Paul sorting out his fishing gear after we had finally made it to the parking spot at Praia de Melide
We saw many autumn crocuses flowering between the trees.

The next morning we decided to walk around the headland, we started by walking out to the first of three lighthouses Faro de Punta Subrido before heading back across the beach to lighthouses two and three – the particularly attractive squat red Faro de Punta Robaleira and the more standard Faro de Cabo. From here we followed rough tracks north as far as possible along the Atlantic side of the headland with large waves crashing against the rocky cliffs, at one point we descended by an awkward and steep fisherman’s path to a tiny beach where the incoming tide quickly chased us back up again.

Looking across the Praia de Melide
The most attractive of the three lighthouses was this one, you can see the islands ‘Illas Cies’ out to sea
Waves crashing into rocks on the more exposed Atlantic side of the peninsula

Eventually the steep cliffs forced us back onto the main track we had driven down the previous day and we walked into Donon. From Donon we dropped down to the Praia de Barra, a large and deserted beach where we gathered large mussels from the rocks before taking cliff-side paths back towards our parking spot.

Empty beach at Praia de Barra, we collected mussels from rocks that were at the end of the beach we took this photo from.

Paul decided to do some more fishing from the same spot as before, but no luck this time. We did see dolphins in the bay though, which made up for (and probably explained) the lack of fish. The large pod, including some mother and calf pairs took their time as they swam past us on their way out to sea.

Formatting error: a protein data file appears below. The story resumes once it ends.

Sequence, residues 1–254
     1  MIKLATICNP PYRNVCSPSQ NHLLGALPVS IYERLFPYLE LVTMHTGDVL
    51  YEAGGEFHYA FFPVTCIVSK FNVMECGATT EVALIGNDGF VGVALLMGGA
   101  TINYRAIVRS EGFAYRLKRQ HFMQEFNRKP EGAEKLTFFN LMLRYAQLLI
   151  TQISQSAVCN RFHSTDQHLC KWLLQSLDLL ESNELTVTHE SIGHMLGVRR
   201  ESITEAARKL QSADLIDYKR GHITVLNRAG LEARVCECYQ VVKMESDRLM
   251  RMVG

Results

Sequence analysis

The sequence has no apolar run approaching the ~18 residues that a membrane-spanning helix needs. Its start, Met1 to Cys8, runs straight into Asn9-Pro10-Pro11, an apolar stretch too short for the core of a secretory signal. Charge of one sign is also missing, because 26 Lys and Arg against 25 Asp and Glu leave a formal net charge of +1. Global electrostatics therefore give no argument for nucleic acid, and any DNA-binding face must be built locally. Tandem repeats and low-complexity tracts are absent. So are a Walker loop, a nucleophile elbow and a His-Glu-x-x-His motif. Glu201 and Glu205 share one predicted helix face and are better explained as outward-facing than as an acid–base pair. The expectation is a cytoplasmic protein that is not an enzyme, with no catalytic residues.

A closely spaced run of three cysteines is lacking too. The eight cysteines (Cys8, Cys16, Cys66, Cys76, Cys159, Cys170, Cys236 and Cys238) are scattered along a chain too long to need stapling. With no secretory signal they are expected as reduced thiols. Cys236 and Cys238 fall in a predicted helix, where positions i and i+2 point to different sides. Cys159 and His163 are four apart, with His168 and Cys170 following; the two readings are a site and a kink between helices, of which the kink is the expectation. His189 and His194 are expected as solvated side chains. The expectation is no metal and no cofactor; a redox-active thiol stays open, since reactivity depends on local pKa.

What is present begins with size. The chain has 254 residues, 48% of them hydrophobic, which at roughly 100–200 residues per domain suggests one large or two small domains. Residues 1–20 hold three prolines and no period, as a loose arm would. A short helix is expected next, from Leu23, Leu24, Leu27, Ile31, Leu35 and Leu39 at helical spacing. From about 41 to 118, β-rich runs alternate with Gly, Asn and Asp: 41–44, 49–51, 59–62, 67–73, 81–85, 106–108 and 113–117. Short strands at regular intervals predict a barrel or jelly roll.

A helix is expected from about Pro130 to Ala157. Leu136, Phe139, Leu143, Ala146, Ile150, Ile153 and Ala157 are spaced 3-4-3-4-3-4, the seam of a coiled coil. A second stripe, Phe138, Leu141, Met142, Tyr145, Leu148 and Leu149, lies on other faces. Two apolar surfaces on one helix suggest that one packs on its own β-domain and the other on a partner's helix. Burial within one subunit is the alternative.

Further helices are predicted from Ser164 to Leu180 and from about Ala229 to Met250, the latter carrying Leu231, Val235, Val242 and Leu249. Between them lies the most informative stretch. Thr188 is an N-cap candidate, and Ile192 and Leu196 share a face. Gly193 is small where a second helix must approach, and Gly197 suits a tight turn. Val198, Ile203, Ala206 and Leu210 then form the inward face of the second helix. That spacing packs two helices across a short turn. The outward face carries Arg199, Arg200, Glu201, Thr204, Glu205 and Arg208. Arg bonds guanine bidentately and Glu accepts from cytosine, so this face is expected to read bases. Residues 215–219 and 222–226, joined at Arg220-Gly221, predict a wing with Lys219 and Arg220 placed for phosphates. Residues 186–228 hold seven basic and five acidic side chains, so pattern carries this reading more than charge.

Dolphins swimming past, look closely for a dolphin tail on the left as well as fins on the right of the picture

That evening I cooked the mussels and solitary mackerel in a rice dish that I hesitated to call a paella after hearing some very sarcastic comments on Spanish radio earlier that week (not that I’m fluent in Spanish but when you hear the words Jamie Oliver, Chorizo and Paella alongside derisive laughter you know that something negative is being said). Whatever the dish was, it was very tasty and the mussels in particular were luscious and juicy. It’s always a bit of a gamble to eat shellfish gathered from the shore and we do take some care, but you never know. No side effects this time though so good news.

The ‘not’ Paella with mussels and mackerel

The following morning we left the carpark. There was a one way system for car park access, so we had to drive up a different track than we had come in…at first…until we got to the point that the road was rippled with foot deep undulations. I don’t think I’ve every seen anything like it, they weren’t potholes or ruts, but were running across the road and there was no way we would get across them without ripping something out from Bertie’s undercarriage. Paul reversed us back to the car park and for the second time in a couple of days we were driving the wrong way up a one way street. Luckily we had made an early start and we didn’t encounter anyone coming the other way.